BATON ROUGE, La. (AP) - With states receiving steady supplies of coronavirus vaccine, Gov. John Bel Edwards on Thursday further expanded eligibility to a long list of healthy essential workers in Louisiana who don’t have one of the two dozen medical conditions that already provided access to the shots.
As the Democratic governor announced the widened eligibility, the state also kicked off an outreach campaign aimed at getting vaccines to people in underserved areas and persuading those who are skeptical. The state is seeing available, unused appointments for its vaccine doses.
“If the people in Louisiana really are interested in getting back to normal as soon as possible, they will avail themselves of the opportunity to get vaccinated,” Edwards said.
The new immunization eligibility rules, which take effect Monday, will include workers at grocery stores, bars, restaurants and colleges. The governor said that’s expected to be the last expansion of access before he throws open vaccinations to all adults around the state. Already, most of the adult population is expected to meet one of the eligibility criteria on the books.
Edwards widened access earlier this month to anyone 16 and older who has among two dozen high-risk medical conditions, people who are overweight and smokers. Schoolteachers, day care workers, health care employees, first responders, nursing home residents and many others already qualified for immunizations.
Starting Monday, that list will grow to people who work at agricultural sites, restaurants, bars, colleges, post offices, manufacturing facilities, grocery stores, utility companies, construction sites, banks and veterinarian offices. Judges and their staff, public transit workers, river pilots, clergy, communications workers, people in the news media and security staff all will be eligible.
More than 21% of the state’s total population has received at least one dose of the vaccine, according to state health department data. Nearly 569,000 people have been fully immunized. The Pfizer and Moderna vaccines require two doses; the Johnson & Johnson vaccine requires only one.
Louisiana continues to lag behind many other states in vaccine distribution. It ranked 40th as of Thursday, according to the U.S. Centers for Disease Control and Prevention.
A new “Bring Back Louisiana” campaign from Louisiana’s health department aims to bolster access and increase those numbers.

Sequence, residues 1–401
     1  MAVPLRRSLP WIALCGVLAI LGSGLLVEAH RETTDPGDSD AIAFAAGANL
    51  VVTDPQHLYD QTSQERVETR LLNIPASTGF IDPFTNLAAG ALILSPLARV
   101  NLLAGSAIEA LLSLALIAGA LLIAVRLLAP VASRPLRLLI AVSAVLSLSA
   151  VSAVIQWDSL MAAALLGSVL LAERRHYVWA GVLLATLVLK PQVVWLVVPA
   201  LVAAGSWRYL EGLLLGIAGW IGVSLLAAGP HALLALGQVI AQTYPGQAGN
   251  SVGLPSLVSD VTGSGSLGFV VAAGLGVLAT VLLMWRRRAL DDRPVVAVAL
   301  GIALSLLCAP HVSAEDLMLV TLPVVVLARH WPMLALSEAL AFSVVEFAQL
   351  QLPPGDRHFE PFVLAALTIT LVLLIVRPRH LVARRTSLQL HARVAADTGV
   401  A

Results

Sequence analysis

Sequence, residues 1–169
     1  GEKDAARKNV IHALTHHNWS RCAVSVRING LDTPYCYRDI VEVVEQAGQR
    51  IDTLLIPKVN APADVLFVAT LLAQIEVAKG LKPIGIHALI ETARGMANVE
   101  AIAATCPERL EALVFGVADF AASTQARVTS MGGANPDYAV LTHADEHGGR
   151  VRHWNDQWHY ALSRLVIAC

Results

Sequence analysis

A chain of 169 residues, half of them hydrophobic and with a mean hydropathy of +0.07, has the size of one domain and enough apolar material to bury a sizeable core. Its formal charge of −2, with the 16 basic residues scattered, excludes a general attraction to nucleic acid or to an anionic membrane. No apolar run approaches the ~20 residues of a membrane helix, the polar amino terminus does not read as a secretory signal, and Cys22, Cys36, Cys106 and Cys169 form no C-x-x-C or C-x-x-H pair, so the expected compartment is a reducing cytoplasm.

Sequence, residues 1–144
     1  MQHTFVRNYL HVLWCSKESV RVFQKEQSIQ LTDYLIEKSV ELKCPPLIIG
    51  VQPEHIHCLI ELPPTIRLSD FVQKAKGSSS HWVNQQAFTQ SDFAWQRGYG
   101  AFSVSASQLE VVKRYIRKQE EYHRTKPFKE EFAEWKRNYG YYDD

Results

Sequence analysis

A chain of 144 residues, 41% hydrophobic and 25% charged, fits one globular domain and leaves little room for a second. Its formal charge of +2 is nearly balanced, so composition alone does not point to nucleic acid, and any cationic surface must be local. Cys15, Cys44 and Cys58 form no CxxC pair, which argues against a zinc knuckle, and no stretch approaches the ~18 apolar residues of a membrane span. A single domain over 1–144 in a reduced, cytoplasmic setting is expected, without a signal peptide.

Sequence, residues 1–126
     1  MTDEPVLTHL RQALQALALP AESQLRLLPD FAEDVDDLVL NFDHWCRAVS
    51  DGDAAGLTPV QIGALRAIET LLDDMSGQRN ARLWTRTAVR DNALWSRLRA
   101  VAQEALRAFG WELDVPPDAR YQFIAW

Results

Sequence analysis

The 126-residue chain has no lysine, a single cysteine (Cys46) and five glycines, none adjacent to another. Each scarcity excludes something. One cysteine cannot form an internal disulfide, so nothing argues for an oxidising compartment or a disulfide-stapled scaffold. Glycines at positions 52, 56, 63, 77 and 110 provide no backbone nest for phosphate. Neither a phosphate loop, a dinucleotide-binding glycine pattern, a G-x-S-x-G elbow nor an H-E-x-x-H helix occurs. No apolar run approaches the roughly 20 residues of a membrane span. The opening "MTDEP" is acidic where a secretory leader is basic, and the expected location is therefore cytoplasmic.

“Two or three or four weeks down the road, supply of vaccine, thankfully, is not going to be a limiting factor. The limiting factor is going to be how well we’ve reached the people of Louisiana, how easy we’ve made it for people to get vaccinated,” said Dr. Joe Kanter, the governor’s chief public health adviser.
Organizations will knock on doors and make phone calls providing information about the shots, urging people to get vaccinated and helping them to sign up for appointments. They’ll look for barriers to vaccine access, such as transportation, and try to remove them. And they’ll try to build confidence in the vaccines. New community vaccination events will be rolled out in April targeting areas where fewer people have gotten the shots.
The grassroots campaign is modeled after get-out-the-vote efforts.
Edwards said the state needs to give people more opportunities to have their vaccination concerns answered - and he hopes the campaign will help do that. For example, he said the state is working with nursing homes to try to bolster vaccination among workers. While 82% of nursing home residents have received shots, only about 36% of staff at the facilities have agreed to be vaccinated.
“I don’t think we’re ever going to get to 100% on vaccinations, but we’ve got to get better than we are,” the governor said.
Among 20 organizations that will partner with the state on the outreach efforts are AARP, the AFL-CIO, the Hispanic Health Equity Task Force, the Louisiana Association of Business and Industry, the Louisiana Legislative Black Caucus, the LSU Ag Center and NAACP. Several health care organizations representing hospitals, pharmacies and clinics also are among those participating.
“Distribution of the COVID-19 vaccine is a critical component for Louisiana as we work to reopen our businesses and rebuild our economy,” Stephen Waguespack, president of the Louisiana Association of Business and Industry, said in a statement.
Follow AP’s coverage of the pandemic at https://apnews.com/hub/coronavirus-pandemic and https://apnews.com/UnderstandingtheOutbreak. Follow Melinda Deslatte on Twitter at http://twitter.com/melindadeslatte.
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